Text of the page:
2 Deep inelastic scattering at strong coupling from AdS/CFT
The strong coupling limit in the SYM gauge theory corresponds to the semiclassical, ‘supergravity’, approximation in the dual string theory, which lives in a ten–dimensional curved space–time with metric . The finite–temperature gauge plasma is ‘dual’ to a black hole in which is homogeneous in the four Minkowski dimensions and whose AdS radius is proportional to the temperature: , with the curvature radius of . The interaction between the –current and the plasma is then described as the propagation of a massless vector field which obeys Maxwell equations in the Schwarzschild geometry. The fundamental object to be computed is the retarded current–current correlator,
whose imaginary part determines the cross–section for the current interactions in the plasma, i.e., the plasma structure functions in the space–like case (‘deep inelastic scattering’) and the rate for the current decay into ‘jets’ in the time–like case (‘ annihilation’). The imaginary part arises in the supergravity calculation via the condition that the wave has no reflected component returning from the horizon. Physically, this means that the wave (current) can be absorbed by the black hole (the plasma), but not also regenerated by the latter.
In what follows we shall focus on the space–like current, i.e., on the problem of DIS off the plasma . (The corresponding discussion of a time–like current can be found in the second paper in Ref. ; see also the related work in Ref. .) We choose the current as a plane–wave propagating in the direction in the plasma rest frame: . Also, we asume the high–energy and large–virtuality kinematics: . The physical interpretation of the results can be facilitated by choosing a different definition for the radial coordinate on : instead of , it is preferable to work with the inverse coordinate , which via the UV/IR correspondence corresponds (in the sense of being proportional) to the transverse size of the partonic fluctuation of the current. Then, the boundary lies at and the black–hole horizon at .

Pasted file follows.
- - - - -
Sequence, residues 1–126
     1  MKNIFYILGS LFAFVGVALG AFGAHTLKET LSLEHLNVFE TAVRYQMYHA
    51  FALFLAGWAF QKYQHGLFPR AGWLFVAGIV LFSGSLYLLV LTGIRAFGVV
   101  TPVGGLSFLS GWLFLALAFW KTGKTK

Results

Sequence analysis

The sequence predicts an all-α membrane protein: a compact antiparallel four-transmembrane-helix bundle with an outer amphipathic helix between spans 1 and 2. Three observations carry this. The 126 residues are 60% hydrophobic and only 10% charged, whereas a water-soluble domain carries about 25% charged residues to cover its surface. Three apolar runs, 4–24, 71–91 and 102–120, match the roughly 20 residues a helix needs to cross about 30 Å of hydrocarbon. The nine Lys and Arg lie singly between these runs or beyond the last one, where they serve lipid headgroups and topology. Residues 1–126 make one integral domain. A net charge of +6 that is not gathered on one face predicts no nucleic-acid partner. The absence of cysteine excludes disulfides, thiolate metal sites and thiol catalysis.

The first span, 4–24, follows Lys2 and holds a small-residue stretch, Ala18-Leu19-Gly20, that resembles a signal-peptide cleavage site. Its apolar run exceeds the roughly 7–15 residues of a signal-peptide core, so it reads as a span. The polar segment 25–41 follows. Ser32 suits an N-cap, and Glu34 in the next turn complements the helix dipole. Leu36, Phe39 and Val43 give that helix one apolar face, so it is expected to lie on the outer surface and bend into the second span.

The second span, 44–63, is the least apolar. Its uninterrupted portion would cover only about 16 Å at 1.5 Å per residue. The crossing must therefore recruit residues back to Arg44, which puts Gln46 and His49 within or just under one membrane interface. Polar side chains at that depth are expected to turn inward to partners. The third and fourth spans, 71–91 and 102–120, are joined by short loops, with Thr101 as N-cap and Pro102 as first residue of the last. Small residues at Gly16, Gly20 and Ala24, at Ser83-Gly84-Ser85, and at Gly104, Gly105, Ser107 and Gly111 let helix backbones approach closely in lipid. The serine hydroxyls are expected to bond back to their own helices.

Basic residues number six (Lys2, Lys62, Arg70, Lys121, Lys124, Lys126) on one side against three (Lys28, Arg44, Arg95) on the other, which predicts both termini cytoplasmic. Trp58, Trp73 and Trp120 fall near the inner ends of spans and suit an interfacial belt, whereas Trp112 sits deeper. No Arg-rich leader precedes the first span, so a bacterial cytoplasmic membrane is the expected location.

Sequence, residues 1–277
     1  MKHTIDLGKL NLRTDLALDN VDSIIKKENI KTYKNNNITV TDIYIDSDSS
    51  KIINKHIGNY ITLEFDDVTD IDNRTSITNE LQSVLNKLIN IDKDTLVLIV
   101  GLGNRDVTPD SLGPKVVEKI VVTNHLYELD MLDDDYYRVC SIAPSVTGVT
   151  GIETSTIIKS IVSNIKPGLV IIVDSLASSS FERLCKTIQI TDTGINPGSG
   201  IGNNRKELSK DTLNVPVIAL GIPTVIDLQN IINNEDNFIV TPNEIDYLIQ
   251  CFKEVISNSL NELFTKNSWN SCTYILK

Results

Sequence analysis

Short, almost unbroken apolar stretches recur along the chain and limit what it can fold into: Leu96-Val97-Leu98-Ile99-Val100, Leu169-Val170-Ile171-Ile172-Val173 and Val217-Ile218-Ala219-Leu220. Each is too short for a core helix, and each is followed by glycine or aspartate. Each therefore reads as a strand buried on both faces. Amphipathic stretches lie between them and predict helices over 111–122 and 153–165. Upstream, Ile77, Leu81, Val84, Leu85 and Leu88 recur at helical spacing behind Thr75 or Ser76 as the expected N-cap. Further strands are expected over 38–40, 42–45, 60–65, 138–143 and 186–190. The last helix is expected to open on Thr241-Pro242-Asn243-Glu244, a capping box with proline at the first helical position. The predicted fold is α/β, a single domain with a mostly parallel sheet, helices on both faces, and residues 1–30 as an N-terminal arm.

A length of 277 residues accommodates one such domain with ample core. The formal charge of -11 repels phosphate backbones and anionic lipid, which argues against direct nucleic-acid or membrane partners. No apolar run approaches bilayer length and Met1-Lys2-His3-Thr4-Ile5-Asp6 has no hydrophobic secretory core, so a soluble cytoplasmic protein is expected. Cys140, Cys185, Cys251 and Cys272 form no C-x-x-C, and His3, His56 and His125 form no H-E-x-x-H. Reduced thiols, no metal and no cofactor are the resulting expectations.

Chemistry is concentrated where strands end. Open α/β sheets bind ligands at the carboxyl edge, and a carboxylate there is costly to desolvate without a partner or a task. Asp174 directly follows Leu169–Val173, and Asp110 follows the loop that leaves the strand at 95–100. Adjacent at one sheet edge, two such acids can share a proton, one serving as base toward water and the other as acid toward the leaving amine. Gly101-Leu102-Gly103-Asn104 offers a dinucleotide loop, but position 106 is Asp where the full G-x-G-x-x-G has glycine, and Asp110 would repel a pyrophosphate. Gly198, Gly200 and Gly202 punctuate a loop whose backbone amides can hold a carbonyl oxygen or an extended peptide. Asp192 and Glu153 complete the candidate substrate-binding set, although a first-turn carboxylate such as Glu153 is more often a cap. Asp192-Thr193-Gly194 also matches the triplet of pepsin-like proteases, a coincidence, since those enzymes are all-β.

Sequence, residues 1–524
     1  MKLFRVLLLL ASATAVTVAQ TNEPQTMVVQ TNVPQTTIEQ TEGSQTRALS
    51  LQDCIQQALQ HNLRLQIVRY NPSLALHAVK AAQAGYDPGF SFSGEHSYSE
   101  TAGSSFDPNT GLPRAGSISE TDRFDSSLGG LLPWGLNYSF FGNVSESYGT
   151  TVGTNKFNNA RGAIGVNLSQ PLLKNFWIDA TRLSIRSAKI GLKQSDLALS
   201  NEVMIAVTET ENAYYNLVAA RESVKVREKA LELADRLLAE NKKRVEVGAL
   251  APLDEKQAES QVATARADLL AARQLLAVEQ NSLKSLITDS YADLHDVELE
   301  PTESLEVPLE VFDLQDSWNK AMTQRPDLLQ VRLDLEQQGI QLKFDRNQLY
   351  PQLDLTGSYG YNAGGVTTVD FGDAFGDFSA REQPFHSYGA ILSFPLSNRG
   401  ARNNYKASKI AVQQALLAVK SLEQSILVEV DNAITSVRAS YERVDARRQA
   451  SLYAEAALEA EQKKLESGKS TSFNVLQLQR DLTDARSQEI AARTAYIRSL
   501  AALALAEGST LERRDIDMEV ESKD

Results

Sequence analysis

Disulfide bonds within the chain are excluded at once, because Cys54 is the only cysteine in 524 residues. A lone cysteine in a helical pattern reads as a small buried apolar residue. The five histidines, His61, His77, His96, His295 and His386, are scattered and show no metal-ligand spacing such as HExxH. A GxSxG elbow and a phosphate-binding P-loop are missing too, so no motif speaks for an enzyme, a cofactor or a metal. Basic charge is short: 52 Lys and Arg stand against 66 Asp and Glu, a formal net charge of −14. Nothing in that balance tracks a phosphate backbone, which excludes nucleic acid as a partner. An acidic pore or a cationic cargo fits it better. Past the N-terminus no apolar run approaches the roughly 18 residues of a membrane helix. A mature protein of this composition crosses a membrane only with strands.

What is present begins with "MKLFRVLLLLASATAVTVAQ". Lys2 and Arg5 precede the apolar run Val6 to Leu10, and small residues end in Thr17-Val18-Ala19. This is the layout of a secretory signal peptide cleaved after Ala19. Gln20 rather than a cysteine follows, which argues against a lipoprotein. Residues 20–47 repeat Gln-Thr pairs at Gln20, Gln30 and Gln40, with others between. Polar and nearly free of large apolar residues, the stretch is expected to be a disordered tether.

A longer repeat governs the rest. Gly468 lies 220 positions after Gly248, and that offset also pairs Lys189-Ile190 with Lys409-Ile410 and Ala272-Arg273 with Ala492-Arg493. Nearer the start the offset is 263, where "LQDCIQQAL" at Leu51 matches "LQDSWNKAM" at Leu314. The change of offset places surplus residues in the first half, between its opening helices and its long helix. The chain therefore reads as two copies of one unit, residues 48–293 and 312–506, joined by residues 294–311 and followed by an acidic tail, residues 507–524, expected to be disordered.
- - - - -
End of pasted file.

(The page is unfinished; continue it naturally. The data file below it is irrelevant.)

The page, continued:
The dynamics depends upon the competition between, on one hand, the virtuality , which acts as a potential barrier preventing the Maxwell wave to penetrate deeply inside , and, on the other hand, the product , which controls the strength of the interactions between this wave and the black hole. (We recall that the gravitational interactions are proportional to the energy density of the two systems in interaction.) The relevant dimensionless parameter is , which can be also rewritten as , where (the Bjorken variable for DIS) has the physical meaning of the longitudinal momentum fraction of the plasma ‘parton’ struck by the current.
Specifically, in the high– regime at , or , the interaction with the plasma is relatively weak and the dynamics is almost the same as in the vacuum: the wave penetrates in up to a maximal distance where it gets stuck against the potential barrier. Physically, this means that the current fluctuates into a pair of partons (say, a quark–antiquark ‘meson’) with transverse size . At finite temperature, however, the potential barrier has only a finite width — it extends up to a finite distance —, so there is a small, but non–zero, probability for the wave to cross the barrier via tunnel effect. Physically, this means that the plasma structure function at large is non–vanishing, but extremely small (exponentially suppressed) : for . In other terms, when probing the plasma on a transverse resolution scale , one finds that there are essentially no partons with momentum fraction larger than .